With live studio recordings that blare on in the earphones to the library, or listening to the Stockhausen in your study, will always be what you get; it is McDonaldised [Cf. Ritzer]; it is proudced and manufactured such that recorded music is not only predictable, it removes error and uncertainty, and in that way, it removes the humanity. It is far too (instrumentally) rationalised in the Weberian sense; with the live, we can come out of the Modernist Iron cage, and embrace some rawness, some genuine humanity outside of all the digital zeroes and ones that form that MP3 that you listen to all the time.
Lets just state a fairly uncontraversial platitude. We find things to be beautiful. However, the practice of admiring art, listening to music, and visiting museums and performances and the like, are socially mediated practices; they are socially mediated practices whereby we find expression towards this fascination of whatever it is that draws us to art. Moshing, is a socially mediated practice; one story I heard was that it came about through the culmination and combination of the hardcore and metalhead social groupings during the birth of Thrash metal in the 1980s Bay Area scene.
Is it such a bad thing that EToS have slightly disappointing performances? Does it take away from their studio greatness? Eternal Tears of Sorrow express such bleak human realities, express the fantasies and realities of our beautiful and painful human ways of things; its technicality of the keyboard parts and guitar solos hark back to the Romantic days of Chopin, Liszt and Rachmaninov; the overbearing feeling susued is Wagnerian, yet, the characteristically death vocals hark to this period, it is NOW. It is now that we feel, it is almost like the live as I listen to the beautiful sound, even though it is just a digitised, replicated machine that outputs soundwaves into my ears in the way that it does every day since I have had the song. Does the fact that their studio recordings express such beauty take away from the imbued worth of the music because of its mechanical production? Meaning is made socially, but the subjectivity of persojnalising the way in which we consume music also gives back worth to the replicated production. Back in the days of patrons; we could only hear Haydn play if the Estaharzy elite would deem it fit that Haydn play in their court; we couldn’t hide away in bed, crawled up, and listening to them repeatedly, perhaps, listening to certain sections whenever, and however we want; lowered volume, or changed sound settings, twice the speed, half the speed, or even mashed-up with the BBC news playing in the background.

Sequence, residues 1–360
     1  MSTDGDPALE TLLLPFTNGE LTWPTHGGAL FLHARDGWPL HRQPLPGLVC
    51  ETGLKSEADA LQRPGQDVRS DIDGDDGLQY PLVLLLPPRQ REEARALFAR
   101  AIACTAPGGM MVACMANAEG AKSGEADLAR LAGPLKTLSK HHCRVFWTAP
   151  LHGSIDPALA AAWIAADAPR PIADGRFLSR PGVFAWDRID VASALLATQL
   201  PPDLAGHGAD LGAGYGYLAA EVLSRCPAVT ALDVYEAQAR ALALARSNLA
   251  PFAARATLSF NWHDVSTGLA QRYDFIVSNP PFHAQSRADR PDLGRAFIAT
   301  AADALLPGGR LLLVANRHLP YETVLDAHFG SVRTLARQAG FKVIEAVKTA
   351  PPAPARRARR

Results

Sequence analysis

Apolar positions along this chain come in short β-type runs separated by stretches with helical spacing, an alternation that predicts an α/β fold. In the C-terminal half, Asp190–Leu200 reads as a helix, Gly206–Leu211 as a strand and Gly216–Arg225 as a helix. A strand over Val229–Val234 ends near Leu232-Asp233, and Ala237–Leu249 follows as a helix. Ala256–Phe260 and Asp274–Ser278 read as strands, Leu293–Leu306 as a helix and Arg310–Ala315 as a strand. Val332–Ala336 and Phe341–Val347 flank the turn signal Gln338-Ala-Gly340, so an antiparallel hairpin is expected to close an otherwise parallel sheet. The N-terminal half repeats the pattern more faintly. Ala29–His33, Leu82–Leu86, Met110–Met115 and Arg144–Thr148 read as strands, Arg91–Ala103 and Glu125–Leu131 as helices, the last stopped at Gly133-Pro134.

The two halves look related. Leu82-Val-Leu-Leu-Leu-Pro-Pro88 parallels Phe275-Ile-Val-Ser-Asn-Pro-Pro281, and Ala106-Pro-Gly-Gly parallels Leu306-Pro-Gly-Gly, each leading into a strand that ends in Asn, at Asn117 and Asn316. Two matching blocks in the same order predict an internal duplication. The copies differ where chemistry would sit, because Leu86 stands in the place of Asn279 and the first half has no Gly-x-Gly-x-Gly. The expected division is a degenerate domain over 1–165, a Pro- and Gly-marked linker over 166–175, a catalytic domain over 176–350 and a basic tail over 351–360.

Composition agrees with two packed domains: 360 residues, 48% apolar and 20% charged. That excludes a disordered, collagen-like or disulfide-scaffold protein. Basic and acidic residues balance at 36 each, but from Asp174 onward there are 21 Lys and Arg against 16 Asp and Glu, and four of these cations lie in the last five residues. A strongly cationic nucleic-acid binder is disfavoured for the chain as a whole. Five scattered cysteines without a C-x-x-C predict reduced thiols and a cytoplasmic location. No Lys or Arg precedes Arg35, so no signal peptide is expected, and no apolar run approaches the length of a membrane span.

The immense subjectivity of technology has freed us. Reproduction is not just mechanical, it is digital; does it take away from the aura, that this blog may be read by a few dozen people; that these words ‘exist’ on multiple screens. The meaning and worth does not come from those liquid crystals on your screen forming these words; it comes from the inner meaning of it, these words are symbols towards propositions, mental phenomenon. The work may be replicated, but its uniqueness comes from the formal beauty that is imbued within it. The beauty comes from the structure; the harmony, the tonality, the rhythm, the instrumentation, the timbre, the words, and most importantly, ourselves. Beauty is only seen because we are there to percieve it. Perhaps, that is what makes my Kantian statement; beauty comes in virtue of being perceiving humans, and beauty is formal, that is to say, non-immanent.
Let’s end it by putting the song that made me think all this. Autumn’s Grief, by Eternal Tears of Sorrow…